56 thoughts on “Remembering 1968: Resources”

  1. The afro hairstyle of 1968:
    Person. “History of the Afro Hairstyle.” LoveToKnow, LoveToKnow Corp, fashion- history.lovetoknow.com/body-fashions/afro-hairstyle.

  2. A very good resource on the power of Gainesville, which goes past just the feminist movement.

    “Radical Women in Gainesville.” UFDC – Radical Women in Gainesville Historical Exhibit : Overview – Radical Women in Gainesville, ufdc.ufl.edu/rwg/overview.

  3. A great, informative article posted on the United Farm Worker’s website about the events that led up to Cesar Chavez’s 1968 fast, the mentality behind conducting the fast, and the important impact it made on members of the United Farm Workers organization and society as a whole.

    “Today in History: Cesar Chavez Began His 25-Day Water-Only Fast in Delano, Calif. on Feb. 11, 1968”: http://ufw.org/today-history-cesar-chavez-began-25-day-water-fast-delano-calif-feb-11-1968/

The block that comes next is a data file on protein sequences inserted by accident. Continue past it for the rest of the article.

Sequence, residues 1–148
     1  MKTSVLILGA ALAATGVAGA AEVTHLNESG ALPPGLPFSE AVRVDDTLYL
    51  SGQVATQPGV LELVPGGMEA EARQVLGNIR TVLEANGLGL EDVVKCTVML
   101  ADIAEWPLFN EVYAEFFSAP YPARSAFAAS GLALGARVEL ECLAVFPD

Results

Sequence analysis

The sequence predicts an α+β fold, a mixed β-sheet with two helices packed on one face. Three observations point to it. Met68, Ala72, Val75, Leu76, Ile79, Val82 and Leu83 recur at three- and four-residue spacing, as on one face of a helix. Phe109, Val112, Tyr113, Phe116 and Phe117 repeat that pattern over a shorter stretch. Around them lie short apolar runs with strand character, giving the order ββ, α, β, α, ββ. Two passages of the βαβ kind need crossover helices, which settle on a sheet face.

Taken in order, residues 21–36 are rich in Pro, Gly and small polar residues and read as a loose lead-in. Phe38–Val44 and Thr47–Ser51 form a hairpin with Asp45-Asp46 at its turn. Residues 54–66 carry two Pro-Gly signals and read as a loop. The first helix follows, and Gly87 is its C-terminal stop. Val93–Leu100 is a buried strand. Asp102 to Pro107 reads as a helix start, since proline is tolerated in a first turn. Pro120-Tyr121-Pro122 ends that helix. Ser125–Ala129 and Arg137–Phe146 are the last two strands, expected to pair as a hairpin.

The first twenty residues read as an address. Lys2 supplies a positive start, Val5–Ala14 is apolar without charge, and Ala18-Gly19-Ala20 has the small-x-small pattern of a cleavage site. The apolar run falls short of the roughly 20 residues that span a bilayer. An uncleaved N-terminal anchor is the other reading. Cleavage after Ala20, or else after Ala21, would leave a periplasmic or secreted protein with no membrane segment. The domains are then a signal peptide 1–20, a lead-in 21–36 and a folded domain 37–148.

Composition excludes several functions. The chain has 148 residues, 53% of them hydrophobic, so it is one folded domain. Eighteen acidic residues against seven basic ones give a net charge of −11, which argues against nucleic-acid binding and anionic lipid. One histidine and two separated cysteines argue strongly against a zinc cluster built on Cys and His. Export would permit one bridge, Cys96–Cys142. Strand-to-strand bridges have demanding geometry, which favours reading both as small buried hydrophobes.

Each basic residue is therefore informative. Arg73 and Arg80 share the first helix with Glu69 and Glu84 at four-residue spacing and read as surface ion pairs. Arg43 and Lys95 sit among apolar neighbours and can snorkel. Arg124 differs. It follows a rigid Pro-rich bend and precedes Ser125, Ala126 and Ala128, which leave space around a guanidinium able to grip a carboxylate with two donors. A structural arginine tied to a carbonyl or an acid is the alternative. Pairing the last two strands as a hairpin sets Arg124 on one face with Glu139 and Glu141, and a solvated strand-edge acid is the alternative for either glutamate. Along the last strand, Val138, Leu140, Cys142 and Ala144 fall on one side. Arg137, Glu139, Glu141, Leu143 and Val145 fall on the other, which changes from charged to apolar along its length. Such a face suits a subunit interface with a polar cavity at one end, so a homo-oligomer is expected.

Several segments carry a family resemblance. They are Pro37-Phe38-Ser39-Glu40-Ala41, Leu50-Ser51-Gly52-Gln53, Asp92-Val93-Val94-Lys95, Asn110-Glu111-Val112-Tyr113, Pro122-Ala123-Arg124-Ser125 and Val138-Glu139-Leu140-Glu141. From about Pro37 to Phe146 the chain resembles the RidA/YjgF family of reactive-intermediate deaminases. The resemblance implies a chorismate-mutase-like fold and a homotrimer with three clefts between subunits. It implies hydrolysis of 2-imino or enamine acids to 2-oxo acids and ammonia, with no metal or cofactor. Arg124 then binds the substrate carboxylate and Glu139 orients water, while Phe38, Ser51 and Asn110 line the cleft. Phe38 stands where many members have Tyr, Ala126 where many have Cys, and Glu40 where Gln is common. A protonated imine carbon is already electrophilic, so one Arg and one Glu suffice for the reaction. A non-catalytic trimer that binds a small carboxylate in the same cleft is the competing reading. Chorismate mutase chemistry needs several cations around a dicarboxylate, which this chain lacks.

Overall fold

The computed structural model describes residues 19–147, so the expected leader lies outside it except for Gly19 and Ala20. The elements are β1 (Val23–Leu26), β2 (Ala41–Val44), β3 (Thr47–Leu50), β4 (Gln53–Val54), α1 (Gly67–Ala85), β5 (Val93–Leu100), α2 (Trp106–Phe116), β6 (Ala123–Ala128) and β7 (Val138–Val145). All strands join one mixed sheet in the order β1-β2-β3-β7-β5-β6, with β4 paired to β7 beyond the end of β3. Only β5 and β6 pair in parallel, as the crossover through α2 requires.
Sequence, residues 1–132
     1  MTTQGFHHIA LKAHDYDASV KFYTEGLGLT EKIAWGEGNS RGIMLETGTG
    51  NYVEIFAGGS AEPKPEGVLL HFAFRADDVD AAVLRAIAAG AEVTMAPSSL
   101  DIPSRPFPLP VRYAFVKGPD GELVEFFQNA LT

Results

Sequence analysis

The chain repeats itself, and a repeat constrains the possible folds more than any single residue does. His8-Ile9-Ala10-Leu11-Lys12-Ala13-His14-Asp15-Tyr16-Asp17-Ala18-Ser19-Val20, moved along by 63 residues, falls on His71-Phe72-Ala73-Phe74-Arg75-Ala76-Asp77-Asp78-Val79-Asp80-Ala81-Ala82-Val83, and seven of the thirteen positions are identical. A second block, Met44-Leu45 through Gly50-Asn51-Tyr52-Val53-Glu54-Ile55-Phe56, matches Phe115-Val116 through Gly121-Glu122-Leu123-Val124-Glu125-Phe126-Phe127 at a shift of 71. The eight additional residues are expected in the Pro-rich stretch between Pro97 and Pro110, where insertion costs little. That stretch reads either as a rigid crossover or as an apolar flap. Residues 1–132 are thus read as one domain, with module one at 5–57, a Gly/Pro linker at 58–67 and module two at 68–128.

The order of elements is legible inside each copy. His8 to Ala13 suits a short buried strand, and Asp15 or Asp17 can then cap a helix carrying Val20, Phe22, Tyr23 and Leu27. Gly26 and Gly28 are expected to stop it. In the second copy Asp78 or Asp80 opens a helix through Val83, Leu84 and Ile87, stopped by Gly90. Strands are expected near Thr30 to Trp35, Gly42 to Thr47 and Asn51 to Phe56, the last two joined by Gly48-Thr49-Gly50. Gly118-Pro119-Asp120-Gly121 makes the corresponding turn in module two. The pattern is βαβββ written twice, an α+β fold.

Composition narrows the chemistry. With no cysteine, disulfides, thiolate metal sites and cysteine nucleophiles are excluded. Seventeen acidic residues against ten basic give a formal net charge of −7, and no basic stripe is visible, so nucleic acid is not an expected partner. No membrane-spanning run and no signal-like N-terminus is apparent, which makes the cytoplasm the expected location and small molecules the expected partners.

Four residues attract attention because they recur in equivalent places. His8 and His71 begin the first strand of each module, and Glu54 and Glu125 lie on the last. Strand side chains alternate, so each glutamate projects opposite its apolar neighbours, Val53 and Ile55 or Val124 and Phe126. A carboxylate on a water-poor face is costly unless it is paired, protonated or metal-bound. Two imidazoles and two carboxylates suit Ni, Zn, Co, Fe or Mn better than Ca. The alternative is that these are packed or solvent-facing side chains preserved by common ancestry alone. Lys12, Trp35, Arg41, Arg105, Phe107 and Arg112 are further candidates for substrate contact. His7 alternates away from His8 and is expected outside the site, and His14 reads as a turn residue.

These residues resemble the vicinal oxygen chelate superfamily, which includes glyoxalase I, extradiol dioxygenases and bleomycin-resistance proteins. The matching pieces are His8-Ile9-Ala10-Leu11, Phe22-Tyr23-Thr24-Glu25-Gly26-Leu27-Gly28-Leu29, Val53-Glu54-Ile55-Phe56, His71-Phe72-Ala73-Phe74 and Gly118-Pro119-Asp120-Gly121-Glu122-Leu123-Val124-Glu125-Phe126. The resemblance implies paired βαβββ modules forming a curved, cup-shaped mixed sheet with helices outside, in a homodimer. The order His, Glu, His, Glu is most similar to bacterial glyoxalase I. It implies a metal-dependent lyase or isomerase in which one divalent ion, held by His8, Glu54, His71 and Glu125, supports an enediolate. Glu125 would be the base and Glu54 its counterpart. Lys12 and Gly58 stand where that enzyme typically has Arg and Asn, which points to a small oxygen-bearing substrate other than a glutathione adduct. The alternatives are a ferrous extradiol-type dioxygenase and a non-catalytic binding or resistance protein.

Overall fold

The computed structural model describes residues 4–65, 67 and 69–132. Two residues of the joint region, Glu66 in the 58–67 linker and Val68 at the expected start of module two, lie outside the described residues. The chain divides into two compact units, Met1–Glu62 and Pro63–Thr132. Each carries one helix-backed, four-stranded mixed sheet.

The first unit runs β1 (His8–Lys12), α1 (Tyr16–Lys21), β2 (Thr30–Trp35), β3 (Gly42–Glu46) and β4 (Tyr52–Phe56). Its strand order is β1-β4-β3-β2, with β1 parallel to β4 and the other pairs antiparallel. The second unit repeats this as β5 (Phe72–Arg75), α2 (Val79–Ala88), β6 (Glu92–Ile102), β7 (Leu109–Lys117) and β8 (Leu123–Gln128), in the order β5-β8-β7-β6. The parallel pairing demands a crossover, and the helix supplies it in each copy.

4. This website provides a “1968 Rock Music Timeline.” Jimi Hendrix and his work are included in the lists titled “Top 40 Singles of 1968 Worldwide” and “Top 40 Albums of 1968 Worldwide,” which are included on this website. This source is helpful not just because it mentions Jimi Hendrix, but also because it provides a general overview of rock music in 1968.


    1. The source that I mentioned above is helpful for studying music of 1968 in general. When focusing on Jimi Hendrix, the source that I found to be the most helpful provides an overview of Hendrix’s performances of the national anthem in 1968 and beyond.


  5. Elizabeth A. Armstrong and Suzanna M. Crage. Movements and Memory: The Making of the Stonewall Myth. American Sociological Review, 2006, Vol. 71, October. 724-751.

    This source is essential for anyone researching gay collective memory, the LGBT rights movement, or gay activism in the 1960s and 1970s. The authors discuss the memory of the Stonewall Riots of 1969 and how it has impacted the memory of other acts of gay resistance.

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